People and societies develop vocabulary through time to describe the world as they perceive it, mainly by five senses. If we travel back in time 50 years, would anyone understand what the smart phone is? Indigenous cultures cultivated altered states of consciousness long before us, and developed vocabulary to describe those states, procedures and other realities. Such vocabulary is alien to us. Their words and descriptions are still being largely rejected as myths, legends, superstition, unnecessary ritual mumbo-jumbo. Speaking about energies, entities, altered states of consciousness or other realities – including teachers who inhabit them – is often unacceptable for our culture and modern science.

The Oxford dictionary says science »is intellectual and practical activity encompassing the systematic study of the structure and behavior of the physical and natural world through observation and experiment«.

Cultures which knew altered states of consciousness did exactly that. Only they went beyond the physical world. And in the eyes of science they failed because they didn’t get the same results with every trial, and because results can’t be measured by measurements and tools of physical reality. They couldn’t and can’t because other realities do not function by the same laws as the physical world does. Modern science did not begin to study altered states of consciousness until recently. Explaining altered states and their phenomena using inadequate vocabulary leads to limited understanding in best case, and in worst case to conflict. Science pushed the research of altered states of consciousness to the realm of borderline science, which is still controversial for many scientists, or even more likely to pseudoscience.

One of the benefits and also a trap of ayahuasca is that, compared to other techniques, it quickly takes a person to an altered state of consciousness. It is therefore easy to forget that shamans have studied their knowledge for as long as it takes our child to graduate. Some of them further developed and upgraded their knowledge similar to our education path from graduation to doctorate.

We mainly fail to understand that other realities also know exams, diplomas and other proofs for how good the student mastered a certain knowledge, including different energetic tools and gifts he or she receives after successfully  passing them. As for example energetic crowns. If you see an indigenous person wearing the feather crown it is most likely a symbol of the level of knowledge the person mastered. When such a person sits on the speaker stand on the conference, he or she is probably the better expert for ayahuasca than a person sitting next to him or her with the PhD title of this-or-that science.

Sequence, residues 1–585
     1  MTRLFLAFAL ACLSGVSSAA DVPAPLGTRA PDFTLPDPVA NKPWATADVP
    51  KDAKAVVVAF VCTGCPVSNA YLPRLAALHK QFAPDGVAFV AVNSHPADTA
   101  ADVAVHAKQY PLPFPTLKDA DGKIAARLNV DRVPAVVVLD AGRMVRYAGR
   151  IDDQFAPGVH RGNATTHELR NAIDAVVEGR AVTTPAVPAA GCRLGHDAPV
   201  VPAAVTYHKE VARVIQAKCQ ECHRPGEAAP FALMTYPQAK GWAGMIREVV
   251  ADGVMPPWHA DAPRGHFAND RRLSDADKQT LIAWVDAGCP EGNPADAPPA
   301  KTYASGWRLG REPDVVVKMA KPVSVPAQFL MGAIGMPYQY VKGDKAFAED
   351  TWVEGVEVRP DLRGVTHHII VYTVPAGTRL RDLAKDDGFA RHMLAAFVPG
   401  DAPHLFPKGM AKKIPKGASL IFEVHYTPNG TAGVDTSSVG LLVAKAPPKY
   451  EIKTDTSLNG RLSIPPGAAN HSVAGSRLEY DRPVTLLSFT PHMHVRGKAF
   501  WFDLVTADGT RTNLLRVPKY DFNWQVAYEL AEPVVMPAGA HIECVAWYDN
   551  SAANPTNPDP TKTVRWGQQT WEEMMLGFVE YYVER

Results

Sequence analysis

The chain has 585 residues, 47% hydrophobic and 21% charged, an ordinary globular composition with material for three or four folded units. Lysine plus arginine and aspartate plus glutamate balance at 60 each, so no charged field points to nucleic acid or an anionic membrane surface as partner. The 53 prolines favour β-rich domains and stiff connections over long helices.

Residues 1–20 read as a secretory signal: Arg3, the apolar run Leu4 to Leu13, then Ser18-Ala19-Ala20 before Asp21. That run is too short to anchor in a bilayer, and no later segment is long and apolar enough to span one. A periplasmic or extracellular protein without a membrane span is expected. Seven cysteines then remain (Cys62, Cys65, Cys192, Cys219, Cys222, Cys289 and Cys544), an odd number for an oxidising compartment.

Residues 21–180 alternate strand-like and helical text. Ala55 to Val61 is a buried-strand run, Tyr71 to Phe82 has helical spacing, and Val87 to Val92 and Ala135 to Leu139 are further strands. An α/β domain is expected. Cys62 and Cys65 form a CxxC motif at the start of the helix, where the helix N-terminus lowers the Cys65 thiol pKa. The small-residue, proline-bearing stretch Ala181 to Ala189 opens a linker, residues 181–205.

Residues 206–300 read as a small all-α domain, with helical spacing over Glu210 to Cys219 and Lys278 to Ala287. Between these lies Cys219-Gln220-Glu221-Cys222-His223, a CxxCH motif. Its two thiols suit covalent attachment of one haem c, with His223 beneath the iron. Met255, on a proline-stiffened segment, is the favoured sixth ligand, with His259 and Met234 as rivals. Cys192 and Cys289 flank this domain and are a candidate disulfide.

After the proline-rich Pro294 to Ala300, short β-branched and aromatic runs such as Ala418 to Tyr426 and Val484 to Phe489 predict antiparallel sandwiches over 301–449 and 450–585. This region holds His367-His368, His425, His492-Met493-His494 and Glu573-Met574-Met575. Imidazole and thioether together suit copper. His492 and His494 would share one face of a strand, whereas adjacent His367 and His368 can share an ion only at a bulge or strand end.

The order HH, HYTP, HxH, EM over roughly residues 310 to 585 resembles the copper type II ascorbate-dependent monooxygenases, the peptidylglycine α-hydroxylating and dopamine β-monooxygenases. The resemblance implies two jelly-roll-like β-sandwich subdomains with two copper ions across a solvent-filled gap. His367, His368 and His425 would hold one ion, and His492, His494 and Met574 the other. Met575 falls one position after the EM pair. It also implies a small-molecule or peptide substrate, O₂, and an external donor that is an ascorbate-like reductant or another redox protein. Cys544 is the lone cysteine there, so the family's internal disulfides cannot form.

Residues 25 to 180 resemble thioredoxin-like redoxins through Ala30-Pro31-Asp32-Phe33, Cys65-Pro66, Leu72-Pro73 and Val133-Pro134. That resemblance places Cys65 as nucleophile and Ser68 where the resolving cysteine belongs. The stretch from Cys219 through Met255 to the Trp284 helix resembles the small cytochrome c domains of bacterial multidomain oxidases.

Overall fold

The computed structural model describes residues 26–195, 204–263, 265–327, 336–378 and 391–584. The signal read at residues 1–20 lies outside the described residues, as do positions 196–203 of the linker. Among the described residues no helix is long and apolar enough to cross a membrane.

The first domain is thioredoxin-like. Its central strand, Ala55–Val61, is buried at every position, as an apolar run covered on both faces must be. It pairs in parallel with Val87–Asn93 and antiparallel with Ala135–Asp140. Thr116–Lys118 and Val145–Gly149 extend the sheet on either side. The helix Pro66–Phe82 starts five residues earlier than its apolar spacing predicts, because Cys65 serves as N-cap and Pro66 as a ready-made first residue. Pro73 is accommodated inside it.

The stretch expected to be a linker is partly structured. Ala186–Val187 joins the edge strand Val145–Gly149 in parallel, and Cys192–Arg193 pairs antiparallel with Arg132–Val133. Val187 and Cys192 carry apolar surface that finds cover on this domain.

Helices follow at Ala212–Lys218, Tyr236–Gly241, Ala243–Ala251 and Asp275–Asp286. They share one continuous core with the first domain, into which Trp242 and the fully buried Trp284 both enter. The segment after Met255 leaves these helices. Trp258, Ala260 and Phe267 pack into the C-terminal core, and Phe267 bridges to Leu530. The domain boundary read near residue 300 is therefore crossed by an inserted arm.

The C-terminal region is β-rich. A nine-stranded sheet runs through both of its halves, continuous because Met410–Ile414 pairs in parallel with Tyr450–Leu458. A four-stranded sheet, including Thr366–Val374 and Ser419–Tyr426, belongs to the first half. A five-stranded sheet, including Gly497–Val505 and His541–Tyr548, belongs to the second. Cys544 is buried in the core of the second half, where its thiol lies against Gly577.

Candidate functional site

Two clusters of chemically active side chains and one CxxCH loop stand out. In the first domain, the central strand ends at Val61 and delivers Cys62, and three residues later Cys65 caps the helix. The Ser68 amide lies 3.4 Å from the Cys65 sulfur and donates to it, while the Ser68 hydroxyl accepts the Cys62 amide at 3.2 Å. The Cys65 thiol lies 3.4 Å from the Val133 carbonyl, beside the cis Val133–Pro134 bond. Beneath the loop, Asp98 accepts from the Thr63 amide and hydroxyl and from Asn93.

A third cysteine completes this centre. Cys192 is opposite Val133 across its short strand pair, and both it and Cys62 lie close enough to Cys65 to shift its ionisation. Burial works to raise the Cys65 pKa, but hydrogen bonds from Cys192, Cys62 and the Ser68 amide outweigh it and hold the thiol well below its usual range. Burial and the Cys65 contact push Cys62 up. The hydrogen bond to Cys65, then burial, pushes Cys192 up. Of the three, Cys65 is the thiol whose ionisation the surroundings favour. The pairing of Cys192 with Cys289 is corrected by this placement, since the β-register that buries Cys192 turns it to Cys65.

Just a little food for thought: our culture developed technology based internet to share information. Indigenous peoples discovered the internet which enables communication between other realities, other forms of life and entities.

We need to include indigenous peoples to our conferences on the main stage and panels, and not somewhere along the side just for the impression there is an intercultural dialogue happening, or because the conference organizers are afraid the event might give an impression it is unprofessional or unscientific.

If we would honestly like to start intercultural dialogue, then scientists and ayahuasca users from our culture should sit together with representatives of indigenous peoples and ask each other two basic questions: what we need from each other, and what we can give to each other? It is obvious that our culture needs ayahuasca, we need scientific research of its benefits, we need our societies to become more open to psychedelics, we need better legislation. But did we ever ask what we may give to indigenous peoples, what they need from us, or even what they are willing to give us?

Crucially important would be to give them a chance to explain what they know, and for us to try hard to understand what they are saying. The fact we still don’t recognize their place and don’t give them the respect they deserve, has dire consequences for us all. They continue losing  their living space, identity and culture, and we are losing a chance to save ourselves from the financial, moral and environmental crisis we have inflicted on the world.

By Erika Oblak